through merchandise and then using a digital screen can scroll through the merchandise selection and check it out on a virtual Salman Khan, the brand ambassador. You can save time by trying only what you like the most. You can also email your choice to a friend for
his/her opinion. “We have linked the software to the store as well as the brand directory. One can shop directly from the screen itself or ask for the product in store. We are also integrating Whatsapp soon so that the images can be sent more easily. The idea was to create an experiential model which would make the customer want to spend more time in the store,” says Harsh Shah, Co-founder,
Shopsense. As a feedback, Kunal Mehta, VP Marketing and Business Development, Being Human, says,
“We are proud to be a part of digital innovations in retail when it is at its incipient stage in this country. Apart from adding to the brand value, we have seen a 7-10% increase in our revenues. This investment is more in terms of a marketing tool and a branding exercise which will gradually drive up the numbers .” On similar lines, Bangalore-based VU Technologies has come up with screens which integrate a brand’s e-commerce website and can be installed in-store for customers to browse through.
“We are still in the pilot stage and have launched it at few Croma and Shopper’s Stop stores. Customers will want online and offline as buying methods, one will not cannibalise the other. VU bridges that gap,”
says Devita Saraf, CEO & Design Head, VU Technologies. To look at a model of digitally powered store designs, the Asian Paints experience centres in Mumbai and Delhi are ideal examples. They reposition the brand from being an industrial paint manufacturer to a consumer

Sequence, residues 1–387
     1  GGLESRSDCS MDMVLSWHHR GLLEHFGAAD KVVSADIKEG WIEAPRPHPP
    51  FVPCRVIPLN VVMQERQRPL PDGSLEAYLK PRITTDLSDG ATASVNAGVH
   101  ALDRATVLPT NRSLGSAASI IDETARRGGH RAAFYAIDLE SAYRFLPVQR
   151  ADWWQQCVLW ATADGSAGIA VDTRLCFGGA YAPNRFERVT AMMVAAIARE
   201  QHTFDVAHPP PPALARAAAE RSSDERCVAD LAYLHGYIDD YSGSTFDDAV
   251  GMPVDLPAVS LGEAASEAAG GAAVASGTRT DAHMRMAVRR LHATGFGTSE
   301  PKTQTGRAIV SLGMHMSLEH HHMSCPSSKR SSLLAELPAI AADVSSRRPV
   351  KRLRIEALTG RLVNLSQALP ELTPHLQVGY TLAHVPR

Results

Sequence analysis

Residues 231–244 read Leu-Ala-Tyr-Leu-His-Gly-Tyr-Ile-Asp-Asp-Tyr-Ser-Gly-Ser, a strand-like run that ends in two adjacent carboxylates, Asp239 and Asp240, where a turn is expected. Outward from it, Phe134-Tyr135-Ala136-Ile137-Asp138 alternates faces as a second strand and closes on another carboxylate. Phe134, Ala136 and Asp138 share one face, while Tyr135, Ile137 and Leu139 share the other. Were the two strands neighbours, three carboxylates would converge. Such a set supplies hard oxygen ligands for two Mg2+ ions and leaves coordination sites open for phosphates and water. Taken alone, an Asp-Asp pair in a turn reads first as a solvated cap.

brand assisting people in their home decor. “The Colour experience store does not sell any paint; instead, they create a personalized inspirational and educational colour experience. Firstly, they step into the‘colour cloud’, a dramatic light installation, which helps them switch off their anxiety and relax into the process; then they move through a series of inspirational room-sets, collecting their favourite ideas on an RFID card. Thirdly, their ideas are collated into a personal magazine, which is shared online and printed to take home or to the dealer stores,”
says Darren Watson, Project Design Lead, FITCH. The customer can choose a shade from an array of 3D colour cubes and also see hoe it would look in a virtual room. ‘ Inspiration dashboards’, located within each room set, allow shoppers to play and learn how colour can transform space, and how light affects colour. The entire store experience is carried in a card which uses simple RFID technology to store data, and by tapping it at key points that punctuate the store, shoppers are able to collect their choices that help them move to the next stage of decision-making. With brands wanting to create a digitized experience and technological brainiacs striving to create that, we can envision an omni-channel world of retail where the line between online and offline retail experience will gradually fade out. The concepts of showrooming and reverse showrooming seem to be going neck-to-neck with each other indicating the demand for both online and offline retail. It only makes sense to bring the two to a single destination. Hold your breaths, a digital future awaits!